The U.S. Army is working to use smartphones on the battlefield as a way to keep soldiers connected and give them better tools. Specialist Nicholas Johnson has designed a group of applications meant to help troops on the ground. Host Audie Cornish has more.
In South Africa, the topic of homeownership comes down to land and race. At the end of apartheid, the new South African government laid out many plans for achieving economic and social equality, which included land reform. The government hoped to transfer nearly a third of all white-owned farmlands into black ownership by 2014. But as Anders Kelto reports, they're falling well short of that goal.
From roasting, smoking or even frying the bird, to particulars of brines and dry rubs, how to cook the Thanksgiving turkey is a debate about as old as the holiday itself. Host Audie Cornish talks with SAVEUR Editor-In-Chief James Oseland about his fail-proof method for producing the tastiest, juiciest Thanksgiving turkey.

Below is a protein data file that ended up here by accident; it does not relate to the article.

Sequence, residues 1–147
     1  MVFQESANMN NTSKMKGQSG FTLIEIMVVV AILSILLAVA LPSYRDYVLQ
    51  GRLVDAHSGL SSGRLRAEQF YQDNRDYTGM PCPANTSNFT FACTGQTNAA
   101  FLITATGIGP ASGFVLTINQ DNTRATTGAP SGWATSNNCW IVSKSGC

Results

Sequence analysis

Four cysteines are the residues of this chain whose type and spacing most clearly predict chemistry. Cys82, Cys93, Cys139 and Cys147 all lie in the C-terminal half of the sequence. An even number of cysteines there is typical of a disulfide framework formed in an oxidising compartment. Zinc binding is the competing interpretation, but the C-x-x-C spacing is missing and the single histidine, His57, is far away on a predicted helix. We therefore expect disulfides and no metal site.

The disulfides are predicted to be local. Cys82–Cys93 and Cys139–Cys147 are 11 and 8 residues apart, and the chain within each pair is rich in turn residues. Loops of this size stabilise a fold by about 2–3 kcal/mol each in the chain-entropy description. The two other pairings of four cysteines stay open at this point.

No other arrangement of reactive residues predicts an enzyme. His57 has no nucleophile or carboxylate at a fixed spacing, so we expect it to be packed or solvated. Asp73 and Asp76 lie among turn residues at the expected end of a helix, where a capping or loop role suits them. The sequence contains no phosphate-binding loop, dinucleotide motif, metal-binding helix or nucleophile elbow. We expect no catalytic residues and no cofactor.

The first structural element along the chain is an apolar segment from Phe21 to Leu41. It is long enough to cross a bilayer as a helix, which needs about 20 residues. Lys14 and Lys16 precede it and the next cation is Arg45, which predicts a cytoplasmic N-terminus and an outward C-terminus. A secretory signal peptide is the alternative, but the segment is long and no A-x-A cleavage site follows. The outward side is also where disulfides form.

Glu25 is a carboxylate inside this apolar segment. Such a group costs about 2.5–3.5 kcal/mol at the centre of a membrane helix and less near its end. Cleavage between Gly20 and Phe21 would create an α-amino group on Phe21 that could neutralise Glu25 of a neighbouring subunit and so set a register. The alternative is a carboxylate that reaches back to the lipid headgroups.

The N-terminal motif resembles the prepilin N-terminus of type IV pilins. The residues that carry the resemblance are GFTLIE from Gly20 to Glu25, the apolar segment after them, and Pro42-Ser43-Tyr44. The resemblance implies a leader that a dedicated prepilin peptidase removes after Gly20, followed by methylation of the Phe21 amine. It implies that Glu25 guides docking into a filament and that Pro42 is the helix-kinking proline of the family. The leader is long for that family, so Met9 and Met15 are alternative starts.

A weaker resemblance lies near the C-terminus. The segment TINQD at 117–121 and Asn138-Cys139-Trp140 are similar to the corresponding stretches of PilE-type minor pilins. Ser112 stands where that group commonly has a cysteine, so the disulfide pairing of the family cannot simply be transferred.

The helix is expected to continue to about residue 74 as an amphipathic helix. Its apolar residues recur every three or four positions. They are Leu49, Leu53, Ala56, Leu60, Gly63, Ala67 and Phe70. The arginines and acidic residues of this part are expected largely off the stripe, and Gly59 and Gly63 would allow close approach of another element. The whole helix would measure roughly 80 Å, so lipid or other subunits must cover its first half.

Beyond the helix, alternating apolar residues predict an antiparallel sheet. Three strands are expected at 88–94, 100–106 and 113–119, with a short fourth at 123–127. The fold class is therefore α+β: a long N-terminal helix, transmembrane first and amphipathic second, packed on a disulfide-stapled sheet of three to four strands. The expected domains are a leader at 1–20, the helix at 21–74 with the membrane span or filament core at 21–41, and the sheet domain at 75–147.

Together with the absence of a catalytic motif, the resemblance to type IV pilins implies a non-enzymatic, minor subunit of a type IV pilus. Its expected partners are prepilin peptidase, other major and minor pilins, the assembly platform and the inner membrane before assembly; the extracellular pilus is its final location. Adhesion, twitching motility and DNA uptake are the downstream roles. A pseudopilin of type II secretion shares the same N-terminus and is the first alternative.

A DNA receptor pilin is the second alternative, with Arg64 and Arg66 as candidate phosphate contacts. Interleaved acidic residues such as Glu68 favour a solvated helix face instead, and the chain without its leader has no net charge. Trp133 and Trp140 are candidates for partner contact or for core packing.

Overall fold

My next guest taught me how to solve all kinds of puzzles of history. Lynn Harding was my history teacher in high school back in Randolph, Massachusetts; and my current events teacher and my homeroom teacher. Well, we spent a lot of time together and our conversation is part of the StoryCorps National Day of Listening Project this year.
We're hoping you might also sit down with a teacher on the day after Thanksgiving and listen. It's not something I'd really done before with Mrs. Harding because, well, she was really tough on us.
There are many ways to describe the season between Thanksgiving and New Years, but for cooks it's cooking season. People across the country are dusting off pots, pans, and favorite cookbooks to prepare for multiple holiday dinners and all the meals in between.
NPR Kitchen Window Contributor Susan Chang started her holiday cooking early. She's been busy in her test kitchen coming up with a list of the year's best cookbooks to use and to give in the holiday season.